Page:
The riots which are taking place in Algeria give the opportunity for many people to speak. These people are taking advantage of the non-organisation of the rioters, their young age, their ignorance and of the looting and criminal acts which go with them to speak on their behalf and give the reasons and explanations meeting their own agenda.
Unlike the Tunisians, the Algerian rioters do not represent all the socioprofessional categories. Most of them are unemployed young men, many are teenagers who should be in school, and some are there just to steal and destroy. They have no clear message and they don’t hold placards to tell the world what they want. I am not even sure they would agree on a common message, if they have one that is. We see therefore men and women on the ENTV, the foreign TV channels and on the internet who attempt to explain the rioters’ actions, and of course to link them with their own desires.
On the government’s side, while Bouteflika and Ouyahia remain silent, Djiar (the minister of youths) declared that the rioters are the innocent victims of manipulators and that we should protect them. He added that violence never achieved anything. One should remind him of how we got our independence, or closer to us, how he and those in power kept their positions for almost 50 years.
Ould Kablia, the minister of interior, was even funnier in his declarations. He also mentioned the manipulations and the investigations he planned to start in order to uncover the evil manipulators. He also declared his surprise at the hatred that is in these rioters’ hearts. I indeed wonder how such a bad feeling could reach people living in wonderland, or بلد العزة و الكرامة as they like to call it. I almost forgot that he said his services hadn’t received any application for a peaceful and legal demonstration. Like he’d have given his agreement…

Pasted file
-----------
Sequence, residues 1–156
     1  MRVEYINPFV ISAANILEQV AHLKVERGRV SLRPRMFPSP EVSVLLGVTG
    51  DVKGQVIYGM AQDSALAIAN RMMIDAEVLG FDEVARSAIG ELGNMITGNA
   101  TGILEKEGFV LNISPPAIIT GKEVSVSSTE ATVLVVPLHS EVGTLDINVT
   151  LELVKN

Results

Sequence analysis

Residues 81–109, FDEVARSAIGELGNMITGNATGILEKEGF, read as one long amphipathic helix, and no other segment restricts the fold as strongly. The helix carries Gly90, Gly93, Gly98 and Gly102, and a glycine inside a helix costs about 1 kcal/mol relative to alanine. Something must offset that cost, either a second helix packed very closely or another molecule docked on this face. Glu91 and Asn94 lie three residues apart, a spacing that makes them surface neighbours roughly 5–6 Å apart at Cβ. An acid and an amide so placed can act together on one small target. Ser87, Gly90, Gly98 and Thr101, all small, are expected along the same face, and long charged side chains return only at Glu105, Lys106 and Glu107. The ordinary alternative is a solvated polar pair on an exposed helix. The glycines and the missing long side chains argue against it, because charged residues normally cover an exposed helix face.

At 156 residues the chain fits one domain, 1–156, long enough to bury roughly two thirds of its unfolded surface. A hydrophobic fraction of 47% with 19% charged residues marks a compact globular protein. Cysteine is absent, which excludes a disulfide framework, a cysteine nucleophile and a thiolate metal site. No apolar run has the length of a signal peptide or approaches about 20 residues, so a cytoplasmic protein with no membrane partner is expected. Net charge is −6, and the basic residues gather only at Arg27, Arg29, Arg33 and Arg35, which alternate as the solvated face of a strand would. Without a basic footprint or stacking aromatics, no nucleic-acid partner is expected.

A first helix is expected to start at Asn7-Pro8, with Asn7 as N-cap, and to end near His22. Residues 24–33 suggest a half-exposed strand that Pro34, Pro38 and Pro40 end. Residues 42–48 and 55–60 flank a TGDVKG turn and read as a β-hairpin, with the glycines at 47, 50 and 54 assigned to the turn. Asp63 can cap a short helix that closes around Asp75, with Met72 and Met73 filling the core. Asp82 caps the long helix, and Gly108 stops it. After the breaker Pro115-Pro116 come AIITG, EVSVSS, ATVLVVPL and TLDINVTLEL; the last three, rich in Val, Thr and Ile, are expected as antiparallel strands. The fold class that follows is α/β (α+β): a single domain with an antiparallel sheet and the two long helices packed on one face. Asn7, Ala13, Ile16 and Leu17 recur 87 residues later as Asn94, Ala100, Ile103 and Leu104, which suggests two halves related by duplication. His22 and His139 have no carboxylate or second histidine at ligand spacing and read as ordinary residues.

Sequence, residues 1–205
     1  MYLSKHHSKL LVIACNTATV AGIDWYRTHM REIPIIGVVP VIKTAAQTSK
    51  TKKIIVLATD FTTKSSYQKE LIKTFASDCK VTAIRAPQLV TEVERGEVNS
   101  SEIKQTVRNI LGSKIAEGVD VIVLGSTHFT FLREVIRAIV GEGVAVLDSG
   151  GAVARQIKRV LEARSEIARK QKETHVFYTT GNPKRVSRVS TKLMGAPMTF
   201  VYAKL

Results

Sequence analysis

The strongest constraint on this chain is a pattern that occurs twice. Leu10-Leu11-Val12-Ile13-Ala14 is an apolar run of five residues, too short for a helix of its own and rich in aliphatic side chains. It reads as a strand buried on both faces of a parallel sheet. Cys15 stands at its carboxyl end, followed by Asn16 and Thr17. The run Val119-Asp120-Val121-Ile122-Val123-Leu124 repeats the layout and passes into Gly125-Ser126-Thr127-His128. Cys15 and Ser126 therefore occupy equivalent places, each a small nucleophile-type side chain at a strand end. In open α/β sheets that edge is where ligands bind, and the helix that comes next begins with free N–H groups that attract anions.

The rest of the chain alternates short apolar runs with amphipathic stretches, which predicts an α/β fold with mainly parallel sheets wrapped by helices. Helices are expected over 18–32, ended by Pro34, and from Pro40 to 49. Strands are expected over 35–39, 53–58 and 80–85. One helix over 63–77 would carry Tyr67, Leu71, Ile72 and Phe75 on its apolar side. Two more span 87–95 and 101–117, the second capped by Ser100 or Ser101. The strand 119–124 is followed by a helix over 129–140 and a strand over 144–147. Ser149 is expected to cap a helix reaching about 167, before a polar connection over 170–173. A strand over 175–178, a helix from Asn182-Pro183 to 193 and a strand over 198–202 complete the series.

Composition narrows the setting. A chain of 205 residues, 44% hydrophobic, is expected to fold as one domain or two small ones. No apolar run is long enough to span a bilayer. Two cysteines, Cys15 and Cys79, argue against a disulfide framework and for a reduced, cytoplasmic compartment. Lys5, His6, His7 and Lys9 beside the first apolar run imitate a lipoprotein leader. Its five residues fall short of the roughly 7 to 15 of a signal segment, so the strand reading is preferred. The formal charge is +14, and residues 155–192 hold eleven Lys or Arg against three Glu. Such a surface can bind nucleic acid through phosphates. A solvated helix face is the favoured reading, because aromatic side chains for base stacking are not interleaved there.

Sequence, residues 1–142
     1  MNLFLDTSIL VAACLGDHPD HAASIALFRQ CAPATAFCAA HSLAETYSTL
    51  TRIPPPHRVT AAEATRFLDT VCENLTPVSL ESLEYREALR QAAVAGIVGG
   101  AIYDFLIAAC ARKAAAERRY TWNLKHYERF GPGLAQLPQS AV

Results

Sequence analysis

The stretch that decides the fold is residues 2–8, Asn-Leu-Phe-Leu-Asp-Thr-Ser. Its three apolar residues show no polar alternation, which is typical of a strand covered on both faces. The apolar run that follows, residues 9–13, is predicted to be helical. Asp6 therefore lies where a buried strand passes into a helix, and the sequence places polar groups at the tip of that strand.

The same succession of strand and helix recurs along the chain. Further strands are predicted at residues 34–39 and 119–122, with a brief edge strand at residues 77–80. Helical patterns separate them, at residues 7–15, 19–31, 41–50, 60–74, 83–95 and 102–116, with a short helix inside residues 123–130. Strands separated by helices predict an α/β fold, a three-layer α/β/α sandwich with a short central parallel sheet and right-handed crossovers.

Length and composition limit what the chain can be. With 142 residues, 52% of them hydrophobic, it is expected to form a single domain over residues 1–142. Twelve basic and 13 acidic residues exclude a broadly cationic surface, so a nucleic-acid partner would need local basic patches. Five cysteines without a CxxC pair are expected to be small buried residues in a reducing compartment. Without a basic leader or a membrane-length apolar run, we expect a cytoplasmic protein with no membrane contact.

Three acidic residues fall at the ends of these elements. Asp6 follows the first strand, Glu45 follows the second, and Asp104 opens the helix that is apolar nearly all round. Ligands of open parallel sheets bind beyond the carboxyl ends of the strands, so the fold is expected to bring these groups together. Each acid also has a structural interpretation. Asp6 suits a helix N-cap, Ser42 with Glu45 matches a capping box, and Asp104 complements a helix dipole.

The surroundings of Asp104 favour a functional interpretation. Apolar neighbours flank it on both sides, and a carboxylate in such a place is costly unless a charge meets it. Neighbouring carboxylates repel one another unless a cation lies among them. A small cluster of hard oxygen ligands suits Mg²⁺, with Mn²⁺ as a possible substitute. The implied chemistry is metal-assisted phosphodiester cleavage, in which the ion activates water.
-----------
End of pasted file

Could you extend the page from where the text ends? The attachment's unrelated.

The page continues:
Ben Bada, minister of trade, obviously thinks the rioters complain on the goods’ prices increase and has therefore promised that oil and sugar prices will be lower starting from next week: through subsidising the goods but also by cancelling the new regulations which aimed at controlling the trade activity (and finally getting the taxes which the traders never paid in the past). Great reactivity of the minister and the government who still don’t know whether we’re in a socialist state or not. This also proves the state’s weakness in front of the economic players.
Louiza Hanoune is not in the government but her stance has changed since she had signed her agreement with the RND. So on the one hand she says that the events are not serious and the movement very limited, but on the other hand, and that’s her Trotskyist part, she blames everything on Rebrab (and Cevital) who is monopolizing the oil and sugar production in Algeria.
On the “opposition” side, almost everybody says it’s not about sugar and its cost, and is rather about democracy. One can watch on Youtube the declarations of people such as Karim Tabou, Salaheddine Sidhoum, Zitout, Fodhil Boumala, Abassi Madani, Ferhat Mehenni etc. who have been interviewed by many TV channels.
Of course, these people do not say the rioters are ignorant young men as this would deprive their analyses and declarations from some seriousness. Also, in order to make things look more important, they do not hesitate to compare the situation to October 1988.
The internet (mainly Youtube) also had its analysts who didn’t bring anything new compared to the classical positions I mentioned above. One made me smile though: Hchicha‘s proposal to support the rioters by choosing a specific time and making noise with cooking ustensils. Man, we’re talking of Algeria!
I too will speak on the rioters’ behalf (why wouldn’t I?) I think they’re nothing but ignorant young men who’ve got too much time and energy in their hands and who are destroying everything around because they are unhappy with their lives. I don’t believe its goes beyond this. They don’t even know the meaning of politics.
But this is the result of the authorities’ actions which destroyed the people during 50 years and simply decided to ignore it.
It’s taboo in Algeria to compare our rulers, many of whom former Moudjahidines, to the French colonial regime. I do it and find many similarities in the way the colons treated the “indigènes” and the way we’re treated by the “pouvoir”. Corruption, elections frauds, torture, isolation between the two groups, responses of the rulers to the peoples’ demands, etc. every thing is very similar.
Luckily for the rulers (and for us), the GIA and co. didn’t have the population’s support as the FLN/ALN did during the revolution. This gave the rulers a second a chance. When are they going to take it?